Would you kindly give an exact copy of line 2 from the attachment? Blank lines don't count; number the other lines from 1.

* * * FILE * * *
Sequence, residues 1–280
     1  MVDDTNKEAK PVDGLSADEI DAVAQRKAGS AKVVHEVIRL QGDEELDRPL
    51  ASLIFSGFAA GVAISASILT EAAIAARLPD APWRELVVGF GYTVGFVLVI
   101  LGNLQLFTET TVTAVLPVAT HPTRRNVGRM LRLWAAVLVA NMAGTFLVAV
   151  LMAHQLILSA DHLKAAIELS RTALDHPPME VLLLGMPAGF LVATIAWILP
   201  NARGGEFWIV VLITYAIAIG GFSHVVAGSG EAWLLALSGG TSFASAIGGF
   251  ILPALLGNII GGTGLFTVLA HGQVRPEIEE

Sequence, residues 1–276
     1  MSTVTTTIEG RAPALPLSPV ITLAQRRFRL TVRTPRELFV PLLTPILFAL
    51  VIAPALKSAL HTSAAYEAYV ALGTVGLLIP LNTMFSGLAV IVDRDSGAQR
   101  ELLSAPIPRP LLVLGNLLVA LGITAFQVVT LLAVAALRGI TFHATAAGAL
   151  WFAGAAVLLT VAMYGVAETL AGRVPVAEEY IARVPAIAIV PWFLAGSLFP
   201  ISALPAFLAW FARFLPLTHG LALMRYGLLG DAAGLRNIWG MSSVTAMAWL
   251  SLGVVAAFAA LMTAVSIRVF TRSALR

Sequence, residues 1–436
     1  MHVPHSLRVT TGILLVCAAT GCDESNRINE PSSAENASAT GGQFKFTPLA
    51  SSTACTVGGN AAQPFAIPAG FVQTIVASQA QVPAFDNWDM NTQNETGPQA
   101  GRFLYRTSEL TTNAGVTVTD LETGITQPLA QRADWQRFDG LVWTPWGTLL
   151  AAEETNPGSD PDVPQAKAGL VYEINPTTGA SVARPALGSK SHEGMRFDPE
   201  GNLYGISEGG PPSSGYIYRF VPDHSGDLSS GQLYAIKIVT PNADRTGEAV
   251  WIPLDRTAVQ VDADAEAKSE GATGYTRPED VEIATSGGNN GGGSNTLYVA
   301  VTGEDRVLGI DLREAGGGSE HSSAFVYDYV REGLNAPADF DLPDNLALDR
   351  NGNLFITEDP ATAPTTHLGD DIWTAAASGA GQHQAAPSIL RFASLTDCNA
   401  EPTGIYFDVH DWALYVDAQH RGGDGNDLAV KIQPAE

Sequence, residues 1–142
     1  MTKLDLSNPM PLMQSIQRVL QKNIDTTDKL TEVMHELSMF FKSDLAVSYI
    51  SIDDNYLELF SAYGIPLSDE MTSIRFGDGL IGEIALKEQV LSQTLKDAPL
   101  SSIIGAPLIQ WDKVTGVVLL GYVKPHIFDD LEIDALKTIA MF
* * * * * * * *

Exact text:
     1  MVDDTNKEAK PVDGLSADEI DAVAQRKAGS AKVVHEVIRL QGDEELDRPL